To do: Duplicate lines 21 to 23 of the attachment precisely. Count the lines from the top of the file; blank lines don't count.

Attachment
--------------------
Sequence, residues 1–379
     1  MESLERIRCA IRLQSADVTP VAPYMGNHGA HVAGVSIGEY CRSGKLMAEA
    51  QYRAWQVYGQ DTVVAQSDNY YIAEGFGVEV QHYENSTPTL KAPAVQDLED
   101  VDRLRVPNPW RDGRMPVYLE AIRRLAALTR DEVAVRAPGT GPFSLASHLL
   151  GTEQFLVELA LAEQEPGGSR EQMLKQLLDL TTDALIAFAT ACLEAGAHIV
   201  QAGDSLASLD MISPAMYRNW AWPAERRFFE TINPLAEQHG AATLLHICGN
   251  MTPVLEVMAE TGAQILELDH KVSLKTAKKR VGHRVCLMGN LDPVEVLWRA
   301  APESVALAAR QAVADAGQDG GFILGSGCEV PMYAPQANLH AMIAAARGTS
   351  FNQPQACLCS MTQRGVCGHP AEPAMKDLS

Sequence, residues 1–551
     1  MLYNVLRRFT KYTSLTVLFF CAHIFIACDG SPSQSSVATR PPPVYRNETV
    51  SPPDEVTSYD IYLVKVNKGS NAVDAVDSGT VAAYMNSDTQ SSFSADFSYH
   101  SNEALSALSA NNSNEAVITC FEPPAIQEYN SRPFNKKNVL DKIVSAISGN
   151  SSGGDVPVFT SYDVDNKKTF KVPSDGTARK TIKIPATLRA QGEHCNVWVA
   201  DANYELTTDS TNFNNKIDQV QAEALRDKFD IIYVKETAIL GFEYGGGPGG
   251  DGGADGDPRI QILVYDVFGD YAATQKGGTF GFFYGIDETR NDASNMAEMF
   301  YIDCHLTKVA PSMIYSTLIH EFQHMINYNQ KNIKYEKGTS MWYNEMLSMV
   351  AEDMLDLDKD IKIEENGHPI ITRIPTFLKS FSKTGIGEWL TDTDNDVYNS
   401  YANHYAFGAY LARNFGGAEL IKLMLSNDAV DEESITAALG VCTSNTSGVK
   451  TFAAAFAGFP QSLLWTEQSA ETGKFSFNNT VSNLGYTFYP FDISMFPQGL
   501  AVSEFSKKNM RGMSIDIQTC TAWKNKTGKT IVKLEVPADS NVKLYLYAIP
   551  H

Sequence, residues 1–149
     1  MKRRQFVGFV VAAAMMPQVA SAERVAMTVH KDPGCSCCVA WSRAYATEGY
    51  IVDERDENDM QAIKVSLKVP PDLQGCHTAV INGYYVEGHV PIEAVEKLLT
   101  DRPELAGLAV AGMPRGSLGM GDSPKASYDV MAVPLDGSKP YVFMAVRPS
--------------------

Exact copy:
   501  AVSEFSKKNM RGMSIDIQTC TAWKNKTGKT IVKLEVPADS NVKLYLYAIP
   551  H

Sequence, residues 1–149